All ISA literature states that the investment is free of income and capital gains tax in the hands of the investor. Reference is also sometimes made to dividends from shares being paid with a 10 per cent tax credit, but the impact of the words is not explained.

On 6 April 1999 advanced corporation tax (ACT) was abolished. Before that date companies paid 20 per cent ACT on qualifying distributions, which included dividends. This was deducted from the gross dividend before payment to shareholders. But the payment was made with a 20 per cent tax credit. Non-taxpayers could reclaim this, and lower and basic rate taxpayers had no further liability to income tax. If the shares were held in PEPs (the forerunner to ISAs), it could be claimed back on behalf of investors.

Now that ACT has gone, 20 per cent is deducted from dividends paid to shareholders. As an interim measure, the dividends are paid with a 10 per cent tax credit. Non-taxpayers not being able to reclaim this, PEP and ISA managers can until 5 April 2004. Reclaiming the tax credit lifts a £9 dividend to £10.

As a rule of thumb, until 5 April 2004, where the underlying investment are shares, non, lower and basic rate taxpayers will only save about £4 a year in income tax for every £1000 they have in an ISA. Charges of 0.4 per cent a year will wipe this out. Higher rate taxpayers will only be at an advantage if the charges are less than one per cent a year. From 6 April 2004 even this small advantage will disappear.

The tax changes have not impacted upon the income paid on corporate bonds and gilts held by non-taxpayers. Taxpayers who have corporate bond PEPs or ISAs are also not affected. These are funds where at least 60 per cent is invested in gilts, bonds or cash.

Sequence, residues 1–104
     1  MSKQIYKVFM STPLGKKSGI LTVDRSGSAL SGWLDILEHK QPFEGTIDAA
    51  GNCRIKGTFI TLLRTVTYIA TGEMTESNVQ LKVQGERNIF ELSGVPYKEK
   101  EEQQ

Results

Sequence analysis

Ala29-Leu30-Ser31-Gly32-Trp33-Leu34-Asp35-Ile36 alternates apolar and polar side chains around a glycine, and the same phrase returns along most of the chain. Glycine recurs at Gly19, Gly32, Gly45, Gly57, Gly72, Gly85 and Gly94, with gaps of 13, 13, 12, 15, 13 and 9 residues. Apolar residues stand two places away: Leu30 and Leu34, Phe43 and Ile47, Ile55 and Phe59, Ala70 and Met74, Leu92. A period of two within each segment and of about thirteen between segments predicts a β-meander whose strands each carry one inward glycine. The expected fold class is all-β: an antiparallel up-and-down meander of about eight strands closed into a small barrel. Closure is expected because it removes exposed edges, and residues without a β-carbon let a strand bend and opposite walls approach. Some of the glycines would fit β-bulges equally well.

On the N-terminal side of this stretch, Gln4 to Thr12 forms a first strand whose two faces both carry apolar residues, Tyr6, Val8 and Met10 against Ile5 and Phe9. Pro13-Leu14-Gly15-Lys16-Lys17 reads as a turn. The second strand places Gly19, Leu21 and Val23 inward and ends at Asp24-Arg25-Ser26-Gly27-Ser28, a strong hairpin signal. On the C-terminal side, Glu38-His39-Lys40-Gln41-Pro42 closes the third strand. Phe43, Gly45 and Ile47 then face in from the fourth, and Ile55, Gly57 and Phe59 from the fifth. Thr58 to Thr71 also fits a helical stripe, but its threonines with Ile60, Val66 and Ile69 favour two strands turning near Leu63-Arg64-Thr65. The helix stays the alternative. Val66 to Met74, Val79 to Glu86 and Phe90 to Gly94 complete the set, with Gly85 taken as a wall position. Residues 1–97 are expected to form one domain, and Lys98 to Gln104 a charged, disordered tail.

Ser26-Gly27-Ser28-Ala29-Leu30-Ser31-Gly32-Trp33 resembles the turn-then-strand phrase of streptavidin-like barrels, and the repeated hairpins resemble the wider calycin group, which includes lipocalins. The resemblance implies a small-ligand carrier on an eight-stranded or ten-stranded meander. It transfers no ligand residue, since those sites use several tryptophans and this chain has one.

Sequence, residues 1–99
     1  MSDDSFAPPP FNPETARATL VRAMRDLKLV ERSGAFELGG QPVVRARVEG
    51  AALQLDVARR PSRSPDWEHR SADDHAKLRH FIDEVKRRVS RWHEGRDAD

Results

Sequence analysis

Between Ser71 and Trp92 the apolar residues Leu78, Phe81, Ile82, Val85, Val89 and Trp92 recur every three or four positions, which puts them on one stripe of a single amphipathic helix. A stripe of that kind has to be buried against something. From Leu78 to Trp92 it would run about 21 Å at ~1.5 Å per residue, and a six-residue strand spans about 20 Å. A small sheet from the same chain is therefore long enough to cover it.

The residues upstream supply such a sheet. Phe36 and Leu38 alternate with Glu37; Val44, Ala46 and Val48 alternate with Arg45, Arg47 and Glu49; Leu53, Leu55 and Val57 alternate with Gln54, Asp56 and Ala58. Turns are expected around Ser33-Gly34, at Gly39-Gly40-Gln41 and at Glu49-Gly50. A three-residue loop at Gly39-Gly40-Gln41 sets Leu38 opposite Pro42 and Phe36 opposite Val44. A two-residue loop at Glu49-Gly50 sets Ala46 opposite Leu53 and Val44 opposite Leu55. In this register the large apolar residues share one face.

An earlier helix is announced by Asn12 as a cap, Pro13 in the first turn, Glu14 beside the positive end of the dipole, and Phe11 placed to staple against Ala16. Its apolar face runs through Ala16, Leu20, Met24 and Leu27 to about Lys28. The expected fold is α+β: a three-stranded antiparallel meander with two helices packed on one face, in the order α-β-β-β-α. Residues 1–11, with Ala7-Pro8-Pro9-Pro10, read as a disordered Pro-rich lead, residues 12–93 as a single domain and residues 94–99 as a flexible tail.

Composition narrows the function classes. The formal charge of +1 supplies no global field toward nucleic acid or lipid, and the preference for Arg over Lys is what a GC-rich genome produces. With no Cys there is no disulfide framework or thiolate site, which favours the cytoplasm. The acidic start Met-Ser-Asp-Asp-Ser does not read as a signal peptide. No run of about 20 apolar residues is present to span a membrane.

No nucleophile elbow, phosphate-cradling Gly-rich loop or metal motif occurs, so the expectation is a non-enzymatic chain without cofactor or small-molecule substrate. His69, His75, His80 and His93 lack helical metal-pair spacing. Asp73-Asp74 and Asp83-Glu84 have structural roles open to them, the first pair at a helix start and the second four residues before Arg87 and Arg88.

Corporate bond ISAs generally pay a higher return than savings accounts. Although less risky than investing in shares, they are not risk free. Indeed, as the price of bonds fall when interest rates rise, during the last 12 months investors have lost on average of around 5 per cent of their capital.

In December, the Financial Services Authority (FSA) placed a warning on its website warning investors about high-income products offering higher returns than savings accounts. "These rates can look very attractive, but take care - your capital could be at risk. The higher the rate of return that you are promised, the more likely it is that your money will be put into risky investments, such as high-risk bonds."

So, are ISAs worthwhile? For any taxpayer, the cash option is certainly an excellent opportunity. If you are seeking income, providing you understand the risks, a corporate bond ISA is worth considering. However, do take advice and heed the FSA's warning. If your object is to accumulate capital over time and dips in the market will not cause concern, an ISA where the underlying investment is shares should be your choice. All growth will be free of capital gains tax (CGT) that means you still have your £7100 CGT allowance for making adjustments to your portfolio that is not in its own tax haven.

Independent Partners; request a free guide on NISAs from Hargreaves Lansdown